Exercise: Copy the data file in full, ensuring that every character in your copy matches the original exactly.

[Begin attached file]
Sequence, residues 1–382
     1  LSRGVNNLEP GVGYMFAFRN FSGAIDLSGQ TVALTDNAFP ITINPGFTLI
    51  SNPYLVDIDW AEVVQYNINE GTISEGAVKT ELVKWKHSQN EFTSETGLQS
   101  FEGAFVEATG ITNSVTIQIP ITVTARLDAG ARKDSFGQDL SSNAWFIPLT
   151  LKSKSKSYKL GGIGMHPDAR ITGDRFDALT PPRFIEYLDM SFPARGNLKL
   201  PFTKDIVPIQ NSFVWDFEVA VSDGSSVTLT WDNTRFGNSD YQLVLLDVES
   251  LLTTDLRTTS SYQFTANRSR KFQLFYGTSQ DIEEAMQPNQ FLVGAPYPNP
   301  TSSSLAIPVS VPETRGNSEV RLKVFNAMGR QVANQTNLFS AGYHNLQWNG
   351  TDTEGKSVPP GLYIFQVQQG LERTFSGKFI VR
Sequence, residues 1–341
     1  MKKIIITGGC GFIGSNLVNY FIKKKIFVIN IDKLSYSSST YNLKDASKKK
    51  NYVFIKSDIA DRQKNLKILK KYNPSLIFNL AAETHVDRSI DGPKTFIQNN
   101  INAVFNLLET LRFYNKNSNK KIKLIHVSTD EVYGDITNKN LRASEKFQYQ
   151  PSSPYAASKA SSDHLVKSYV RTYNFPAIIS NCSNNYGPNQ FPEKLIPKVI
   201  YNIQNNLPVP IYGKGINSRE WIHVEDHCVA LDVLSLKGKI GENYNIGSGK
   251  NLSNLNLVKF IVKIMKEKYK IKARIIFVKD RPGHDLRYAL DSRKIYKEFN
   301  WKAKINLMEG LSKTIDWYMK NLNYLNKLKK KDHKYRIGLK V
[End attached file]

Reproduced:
Sequence, residues 1–382
     1  LSRGVNNLEP GVGYMFAFRN FSGAIDLSGQ TVALTDNAFP ITINPGFTLI
    51  SNPYLVDIDW AEVVQYNINE GTISEGAVKT ELVKWKHSQN EFTSETGLQS
   101  FEGAFVEATG ITNSVTIQIP ITVTARLDAG ARKDSFGQDL SSNAWFIPLT
   151  LKSKSKSYKL GGIGMHPDAR ITGDRFDALT PPRFIEYLDM SFPARGNLKL
   201  PFTKDIVPIQ NSFVWDFEVA VSDGSSVTLT WDNTRFGNSD YQLVLLDVES
   251  LLTTDLRTTS SYQFTANRSR KFQLFYGTSQ DIEEAMQPNQ FLVGAPYPNP
   301  TSSSLAIPVS VPETRGNSEV RLKVFNAMGR QVANQTNLFS AGYHNLQWNG
   351  TDTEGKSVPP GLYIFQVQQG LERTFSGKFI VR
Sequence, residues 1–341
     1  MKKIIITGGC GFIGSNLVNY FIKKKIFVIN IDKLSYSSST YNLKDASKKK
    51  NYVFIKSDIA DRQKNLKILK KYNPSLIFNL AAETHVDRSI DGPKTFIQNN
   101  INAVFNLLET LRFYNKNSNK KIKLIHVSTD EVYGDITNKN LRASEKFQYQ
   151  PSSPYAASKA SSDHLVKSYV RTYNFPAIIS NCSNNYGPNQ FPEKLIPKVI
   201  YNIQNNLPVP IYGKGINSRE WIHVEDHCVA LDVLSLKGKI GENYNIGSGK
   251  NLSNLNLVKF IVKIMKEKYK IKARIIFVKD RPGHDLRYAL DSRKIYKEFN
   301  WKAKINLMEG LSKTIDWYMK NLNYLNKLKK KDHKYRIGLK V